However, the US has “put in place quite stringent border control measures” for travellers from Europe and is also starting to “ramp up” some of their measures, including testing, the minister said.
“We are watching America and like I said, this is a dynamic situation, every few days we have more information about the status in different countries,” Mr Wong said.
Singapore may add new countries to the list or adjust border controls countries already on the list, depending on how those countries deal with the COVID-19 outbreak.
DEFER ALL NON-ESSENTIAL TRAVEL ABROAD
MOH also advised Singaporeans to defer all non-essential travel abroad with immediate effect.
“This advisory will apply for 30 days and will be reviewed thereafter. This is to reduce the risk of Singaporeans contracting COVID-19 infection while overseas during this global pandemic,” MOH added.
READ: COVID-19: Singapore widens travel restrictions to Italy, France, Spain, Germany
Singaporeans who have made plans to travel abroad during the March school holidays are advised to review their plans. All travellers will be subject to the prevailing travel measures imposed by their destination countries, and those imposed by Singapore upon their return home.
“As the situation remains uncertain and will continue to evolve, Singaporeans are advised to review their travel plans for the coming months after the March school holidays as well,” the health ministry said.
As previously announced, residents and long-term pass holders returning from mainland China (outside Hubei province), Iran, Italy, France, Germany, South Korea and Spain will continue to be issued with a 14-day stay-home notice upon return to Singapore, while short-term visitors from these areas will not be allowed to enter or transit through Singapore.
Explore our interactive: All the COVID-19 cases in Singapore and the clusters and links between them
All travellers entering Singapore and exhibiting fever and/or other symptoms of respiratory illness are required to undergo a COVID-19 swab test at the checkpoints, regardless of travel history.
Such travellers will also be issued with a 14-day stay-home notice, which they will have to serve in full even if the result of the swab test is negative. Those who meet the clinical suspect case definition will be conveyed to the hospital for follow-up.
NEW MEASURES AFFECT WORK PASS HOLDERS
The new border control measures will apply to work pass holders – regardless of nationality – and their dependents.
In a separate statement, the Ministry of Manpower (MOM) said that all work pass holders with travel history to the affected countries within the last 14 days must obtain approval from MOM before they commence their journey to Singapore.
This will apply to all existing work pass holders currently out of Singapore, as well as in-principle approval holders who have yet to enter Singapore.
Upon arrival in Singapore, all affected work pass holders will be placed on a mandatory 14-day stay-home notice.
When applying for entry approval, employers will be required to declare to MOM that they have arranged for suitable premises to house entering or returning employees for the duration of their stay-home notice.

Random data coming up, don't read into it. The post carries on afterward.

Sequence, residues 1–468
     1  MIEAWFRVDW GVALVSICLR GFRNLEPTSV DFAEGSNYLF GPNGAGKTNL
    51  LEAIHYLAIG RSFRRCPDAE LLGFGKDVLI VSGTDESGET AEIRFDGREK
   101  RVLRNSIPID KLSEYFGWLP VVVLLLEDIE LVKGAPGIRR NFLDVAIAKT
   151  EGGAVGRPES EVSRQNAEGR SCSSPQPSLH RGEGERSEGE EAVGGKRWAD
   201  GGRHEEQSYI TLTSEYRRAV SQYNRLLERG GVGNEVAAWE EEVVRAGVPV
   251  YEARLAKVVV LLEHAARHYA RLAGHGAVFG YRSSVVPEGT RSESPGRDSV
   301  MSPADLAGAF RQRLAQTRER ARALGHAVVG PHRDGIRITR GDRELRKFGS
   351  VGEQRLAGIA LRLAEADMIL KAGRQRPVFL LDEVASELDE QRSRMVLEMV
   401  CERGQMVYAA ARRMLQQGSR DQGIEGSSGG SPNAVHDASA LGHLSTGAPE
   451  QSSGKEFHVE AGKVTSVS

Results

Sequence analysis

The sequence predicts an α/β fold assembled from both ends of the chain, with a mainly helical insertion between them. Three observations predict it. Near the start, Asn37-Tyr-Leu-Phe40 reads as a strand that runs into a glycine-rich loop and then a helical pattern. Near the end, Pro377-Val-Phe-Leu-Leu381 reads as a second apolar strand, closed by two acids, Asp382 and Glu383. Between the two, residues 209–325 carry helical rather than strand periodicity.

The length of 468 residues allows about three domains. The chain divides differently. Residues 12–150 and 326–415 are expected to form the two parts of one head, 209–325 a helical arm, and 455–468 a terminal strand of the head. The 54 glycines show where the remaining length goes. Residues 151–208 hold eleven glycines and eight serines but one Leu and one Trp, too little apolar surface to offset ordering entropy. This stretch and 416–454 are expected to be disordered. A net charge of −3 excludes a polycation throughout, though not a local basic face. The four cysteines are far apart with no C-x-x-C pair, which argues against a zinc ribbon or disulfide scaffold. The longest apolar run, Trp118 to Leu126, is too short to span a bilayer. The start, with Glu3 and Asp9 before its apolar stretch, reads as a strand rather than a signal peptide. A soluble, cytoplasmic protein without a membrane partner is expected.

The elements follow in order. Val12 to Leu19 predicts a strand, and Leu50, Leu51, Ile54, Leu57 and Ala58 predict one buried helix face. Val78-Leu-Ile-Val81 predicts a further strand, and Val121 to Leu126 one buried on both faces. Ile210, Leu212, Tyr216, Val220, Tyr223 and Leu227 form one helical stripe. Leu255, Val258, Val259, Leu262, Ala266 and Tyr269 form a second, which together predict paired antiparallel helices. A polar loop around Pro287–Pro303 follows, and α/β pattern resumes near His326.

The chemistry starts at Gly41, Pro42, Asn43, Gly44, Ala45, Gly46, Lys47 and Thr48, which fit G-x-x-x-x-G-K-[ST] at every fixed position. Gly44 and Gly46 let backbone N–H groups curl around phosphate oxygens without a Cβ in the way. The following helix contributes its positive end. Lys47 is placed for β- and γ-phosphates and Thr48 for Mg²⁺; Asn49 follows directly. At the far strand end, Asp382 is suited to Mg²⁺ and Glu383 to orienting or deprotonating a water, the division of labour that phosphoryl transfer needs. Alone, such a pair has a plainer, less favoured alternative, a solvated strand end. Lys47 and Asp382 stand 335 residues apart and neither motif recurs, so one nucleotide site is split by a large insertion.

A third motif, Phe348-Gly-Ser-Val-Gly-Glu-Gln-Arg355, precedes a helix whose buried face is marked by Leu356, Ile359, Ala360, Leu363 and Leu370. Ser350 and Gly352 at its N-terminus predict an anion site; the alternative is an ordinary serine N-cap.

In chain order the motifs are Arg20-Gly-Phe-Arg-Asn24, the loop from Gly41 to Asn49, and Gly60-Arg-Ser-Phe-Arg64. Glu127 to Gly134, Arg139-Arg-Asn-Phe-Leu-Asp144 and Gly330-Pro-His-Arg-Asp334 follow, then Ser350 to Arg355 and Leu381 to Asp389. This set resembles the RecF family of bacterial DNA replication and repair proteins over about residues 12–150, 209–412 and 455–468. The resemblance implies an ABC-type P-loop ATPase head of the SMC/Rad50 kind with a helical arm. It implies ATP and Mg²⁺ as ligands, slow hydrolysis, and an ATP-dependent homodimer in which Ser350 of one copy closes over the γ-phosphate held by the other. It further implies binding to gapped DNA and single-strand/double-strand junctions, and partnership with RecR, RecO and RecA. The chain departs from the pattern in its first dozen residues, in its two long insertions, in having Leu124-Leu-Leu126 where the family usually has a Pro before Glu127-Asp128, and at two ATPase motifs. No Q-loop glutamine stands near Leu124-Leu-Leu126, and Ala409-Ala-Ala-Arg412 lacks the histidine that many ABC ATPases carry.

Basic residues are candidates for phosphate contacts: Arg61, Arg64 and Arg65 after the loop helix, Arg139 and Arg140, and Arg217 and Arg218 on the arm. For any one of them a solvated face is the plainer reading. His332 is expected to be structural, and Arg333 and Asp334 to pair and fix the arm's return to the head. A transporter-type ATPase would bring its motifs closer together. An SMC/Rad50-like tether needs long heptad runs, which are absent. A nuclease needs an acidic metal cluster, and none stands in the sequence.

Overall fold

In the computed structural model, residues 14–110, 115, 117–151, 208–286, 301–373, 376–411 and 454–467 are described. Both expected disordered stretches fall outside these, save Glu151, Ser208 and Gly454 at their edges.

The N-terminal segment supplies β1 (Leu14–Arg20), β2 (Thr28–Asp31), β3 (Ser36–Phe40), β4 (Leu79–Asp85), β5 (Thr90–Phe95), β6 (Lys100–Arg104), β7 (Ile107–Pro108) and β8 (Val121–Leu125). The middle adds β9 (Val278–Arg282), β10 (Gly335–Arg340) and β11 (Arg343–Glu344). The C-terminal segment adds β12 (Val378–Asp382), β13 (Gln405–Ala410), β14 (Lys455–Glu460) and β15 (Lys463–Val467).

Employers are required to apply for entry approval online. Employers should also inform their affected employees, including their dependents, not to make travel plans to Singapore until approval has been received from MOM.
The employers will be required to send the MOM approval letter to their employees, who will need to show it to the airline staff upon check-in and at the ICA checkpoint upon arrival in Singapore.
“The entry approval requirement for work pass holders, including dependants, with travel history to mainland China, Iran, South Korea, Italy, France, Spain and Germany within the last 14 days, remains unchanged,” MOM said.
“Employers and work pass holders have a joint duty to ensure that the stay-home notice is complied with.
“Work pass holders who have been put on a stay-home notice shall not leave their place of residence. They should monitor their health closely and seek medical attention immediately if they develop any fever or symptoms of acute respiratory illness such as cough or shortness of breath.”
READ: Bukit Merah pre-school to close for 2 weeks after teacher contracts COVID-19
Work pass holders on stay-home notices can make their own arrangements to get their daily necessities, such as meals and daily essentials. This could include receiving help from house or dormitory mates or home delivery services.
MOM said that employers should ensure that their work pass holders on stay-home notice can obtain meals and other daily essentials.
If the work pass holder is unable to make their own arrangements, the employer will have to make the necessary arrangements. If support from employers is not forthcoming, work pass holders should report their difficulties to MOM.
READ: COVID-19: Entry approval, stay-home notices for all new, returning foreign domestic workers to Singapore
The manpower ministry said that it will not hesitate to take enforcement measures against errant employers or employees who do not comply with the requirements, including the revocation of work passes and withdrawal of work pass privileges.
The Leave of Absence Support Programme has been extended to businesses and self-employed persons affected by the stay-home notice requirements. Under the programme, eligible employers will be able to apply for S$100 daily per affected worker for the duration of the stay-home notice.
Affected workers include Singapore citizens, permanent residents and work pass holders who are placed on stay-home notice upon their return to Singapore.
Eligible employers will also qualify for levy waiver for affected foreign workers during the stay-home notice period.